Eastman Kodak Stories January 14, 2015

Market goes crazy over spurious Apple action camera patent, GoPro shares take a dive

We’ve cautioned many times that Apple patents a huge number of inventions that will never see the light of day. Last year alone, the company was awarded 2,566 ‘utility’ patents–those covering actual technologies, rather than mere designs. The fact that Apple has patented something tells us absolutely nothing about its future product line.

But that didn’t stop traders going crazy yesterday over a patent awarded for a GoPro-like action camera: GoPro shares fell as much as 15% as panicking traders dumped the stock. The ‘thinking’ was that if Apple was entering the action camera market, GoPro was doomed. The slump was so dramatic that it even tripped a Nasdaq safeguard at one point, reports MarketWatch.

It’s even more absurd in this case: not only is the patent one of thousands of things that Apple probably won’t do, it isn’t even an Apple patent in the first place–it was, as Fortune notes in passing, just one of a number of patents acquired by Apple from Kodak.

Yep, if Apple really were moving into a new market, established players would indeed be sweating. But there is precisely zero evidence that Apple has any plans to move into GoPro’s territory.

That’s not to say competition isn’t heating up in the space however. HTC introduced the Re late last year ($99-199) as an iOS and Android connected camera and many others have been joining in starting at much lower prices.

Eastman Kodak Stories August 17, 2012

Apple joins Google, Samsung and other adversaries to buy Kodak patents, perhaps signaling intent to curtail litigation

It must be a cold day in Hell. Apple is consorting with Google, Samsung, LG Electronics, and various ventures and firms to bid as a group on Kodak’s intellectual property.

Kodak filed for bankruptcy protection in January, according to The Wall Street Journal, and it is looking to auction its patents to raise money for surviving a Chapter 11 court protection. Kodak could barter all 1,100 digital photography-based patents or end the auction without a deal, as the company announced it would name the winning bidders on Monday but eventually pushed the deadline upon talking with creditors.

The Wall Street Journal explained:

  • Negotiations and the bidding group’s composition are fluid, the people said. If the consortium reaches a deal to buy some or all of Kodak’s patents, they would essentially be kept out of any one company’s hands and could prevent consortium members from using them in litigation against each other. A deal, however, could also attract attention from federal antitrust regulators.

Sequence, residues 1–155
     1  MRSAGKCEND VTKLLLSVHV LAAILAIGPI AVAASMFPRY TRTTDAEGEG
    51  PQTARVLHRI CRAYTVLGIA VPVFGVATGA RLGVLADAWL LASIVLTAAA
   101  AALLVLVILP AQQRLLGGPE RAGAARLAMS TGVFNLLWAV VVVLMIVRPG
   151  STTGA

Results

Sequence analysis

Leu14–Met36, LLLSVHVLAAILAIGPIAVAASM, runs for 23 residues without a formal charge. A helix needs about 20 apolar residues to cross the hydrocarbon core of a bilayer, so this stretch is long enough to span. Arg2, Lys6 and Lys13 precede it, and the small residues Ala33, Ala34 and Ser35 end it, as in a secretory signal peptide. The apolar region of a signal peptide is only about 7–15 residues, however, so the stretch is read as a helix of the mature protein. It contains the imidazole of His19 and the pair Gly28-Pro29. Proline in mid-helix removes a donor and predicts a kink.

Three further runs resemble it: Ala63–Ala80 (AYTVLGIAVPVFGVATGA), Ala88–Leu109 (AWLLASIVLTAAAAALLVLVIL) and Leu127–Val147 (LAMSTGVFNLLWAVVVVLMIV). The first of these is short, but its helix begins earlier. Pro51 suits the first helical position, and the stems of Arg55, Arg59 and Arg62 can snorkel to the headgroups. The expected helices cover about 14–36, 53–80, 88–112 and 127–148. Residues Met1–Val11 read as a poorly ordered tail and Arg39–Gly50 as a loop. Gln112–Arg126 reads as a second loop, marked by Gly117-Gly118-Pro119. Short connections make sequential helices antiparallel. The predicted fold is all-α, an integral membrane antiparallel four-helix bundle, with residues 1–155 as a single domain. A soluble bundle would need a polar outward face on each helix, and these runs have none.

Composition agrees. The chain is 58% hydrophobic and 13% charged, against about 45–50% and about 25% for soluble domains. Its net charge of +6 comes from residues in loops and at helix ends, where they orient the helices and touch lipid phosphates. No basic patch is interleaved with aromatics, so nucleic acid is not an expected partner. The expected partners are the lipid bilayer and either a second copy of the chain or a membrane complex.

• A deal for the entire portfolio—one of many options under discussion— could fetch more than $500 million based on recent negotiations, people familiar with the process said. That is well above opening bids when the auction started last week, but far below the $2.2 billion to $2.6 billion Kodak at one point said the patents could be worth.
  • In a statement Thursday, Kodak said discussions with buyers are active and that it isn’t ready to announce a result. The company added that it might decline to sell some or all of the patents, depending on how the auction progresses.

Photography and cameras are obviously a main feature of mobile devices. Competitors in the tech arena have joined forces in the past to snatch up attractive patents, but The Wall Street Journal noted it is “unusual for them all to join the same camp.”

Patent law whiz Michael Carrier, of Rutgers University in Camden, said the companies would not suffer antitrust issues if the tech giants commit to licensing on reasonable rates. Otherwise, an action such as dividing the patents without sharing the rights to use them could likely meet legal trouble down the road.

Get the full report at The Wall Street Journal.

This article is cross-posted on 9to5Google.

Eastman Kodak Stories August 2, 2011

In January of 2010, Kodak sued  Apple and RIM for infringing on their patent to preview photographs. The lawsuit is still going on, but today Wall Street Journal is reporting that Kodak is currently looking to sell 10% of their patent portfolio, which includes the patent Apple and RIM are bring sued for.

The 1,100 patents include patents covering  capturing, storing, organizing and sharing digital image. WSJ credits the sale to Kodak’s loss in profit over the last two quarters.

Chief Executive Antonio Perez has been using Kodak’s intellectual property as a means of funding the company’s long and expensive transformation. In 2008, Mr. Perez put forth a goal to generate between $250 million and $350 million a year from Kodak’s patent portfolio.

Google is fresh off acquiring 1,000 patents from IBM and is likely still in a buying mood as it battles everyone from Oracle to Microsoft to Apple-by-proxy in the courts.  Apple, who outbid Google for the Nortel patent portfolio at $4.5B  is obviously on the offensive.

Kodak’s decision to sell its patents follows a $4.5 billion patent sale by Nortel Networks Corp. Kodak has retained Lazard as an adviser for the sale. Lazard also advised Nortel on its sale.

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